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|Title: ||The Effect of Malaria and Intestinal Helminth Coinfection on Birth Outcomes in Kumasi, Ghana|
|Authors: ||Yatich, Nelly J.|
Rayner, Julian C.
Ehiri, John E.
Stiles, Jonathan K.
Ellis, William Otto
Williams, Jonathan H.
|Issue Date: ||2010|
|Publisher: ||Am. J. Trop. Med. Hyg.|
|Citation: ||Am. J. Trop. Med. Hyg., 82(1), 2010, pp. 28–34 doi:10.4269/ajtmh.2010.09-0165 Copyright © 2010 by The American Society of Tropical Medicine and Hygiene|
|Abstract: ||This study was conducted to investigate the effect of Plasmodium falciparum and intestinal helminth coinfection
on maternal anemia and birth outcomes. A cross-sectional study of 746 women who delivered in two hospitals in
Kumasi was conducted. Data were collected using an investigator-administered questionnaire and from patients’ medical
records. Blood was collected for determination of P. falciparum and hemoglobin levels. Adverse pregnancy outcomes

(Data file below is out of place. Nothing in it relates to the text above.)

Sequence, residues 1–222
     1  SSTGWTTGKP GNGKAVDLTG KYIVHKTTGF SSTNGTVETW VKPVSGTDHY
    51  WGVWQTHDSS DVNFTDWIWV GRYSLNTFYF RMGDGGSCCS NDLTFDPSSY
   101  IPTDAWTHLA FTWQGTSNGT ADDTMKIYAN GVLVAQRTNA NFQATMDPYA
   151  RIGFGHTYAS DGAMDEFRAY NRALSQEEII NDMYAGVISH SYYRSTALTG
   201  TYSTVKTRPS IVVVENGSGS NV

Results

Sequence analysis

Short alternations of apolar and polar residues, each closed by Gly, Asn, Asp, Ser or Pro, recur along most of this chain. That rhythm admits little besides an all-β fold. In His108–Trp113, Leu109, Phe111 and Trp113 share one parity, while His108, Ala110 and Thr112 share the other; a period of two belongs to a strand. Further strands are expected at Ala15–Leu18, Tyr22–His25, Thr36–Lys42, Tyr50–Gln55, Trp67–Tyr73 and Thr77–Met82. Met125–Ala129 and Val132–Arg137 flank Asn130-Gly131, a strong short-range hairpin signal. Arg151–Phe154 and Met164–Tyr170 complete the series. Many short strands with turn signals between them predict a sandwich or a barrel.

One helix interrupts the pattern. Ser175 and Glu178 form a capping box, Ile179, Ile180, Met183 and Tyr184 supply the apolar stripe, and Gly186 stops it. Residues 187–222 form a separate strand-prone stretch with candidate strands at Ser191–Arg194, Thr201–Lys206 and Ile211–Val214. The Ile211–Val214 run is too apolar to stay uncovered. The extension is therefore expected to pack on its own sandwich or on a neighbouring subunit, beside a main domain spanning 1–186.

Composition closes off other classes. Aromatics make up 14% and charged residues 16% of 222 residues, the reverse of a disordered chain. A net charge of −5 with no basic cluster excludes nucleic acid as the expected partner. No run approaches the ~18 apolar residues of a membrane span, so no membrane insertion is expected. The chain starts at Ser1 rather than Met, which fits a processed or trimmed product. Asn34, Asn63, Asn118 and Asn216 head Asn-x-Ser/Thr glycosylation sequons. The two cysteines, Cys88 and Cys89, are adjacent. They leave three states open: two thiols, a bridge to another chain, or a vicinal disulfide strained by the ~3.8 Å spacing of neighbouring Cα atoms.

were high (44.6%). Coinfection (versus no infection) was associated with 3-fold increase in low birth weight. For women
with anemia, coinfection was 2.6 times and 3.5 times as likely to result in preterm deliveries and small for gestational
age infants. The odds of having anemia was increased almost 3-fold by coinfection. Coinfection (versus helminth only)
resulted in increased risks of anemia, low birth weight, and small for gestational age infants. This study demonstrates that
women with malaria and intestinal helminth coinfection are at particular risk of adverse birth outcomes.|
|Description: ||This Article was published by Am. J. Trop. Med. Hyg., 82(1), 2010, pp. 28–34 doi:10.4269/ajtmh.2010.09-0165 Copyright © 2010 by The American Society of Tropical Medicine and Hygiene|
|Appears in Collections:||College of Science|
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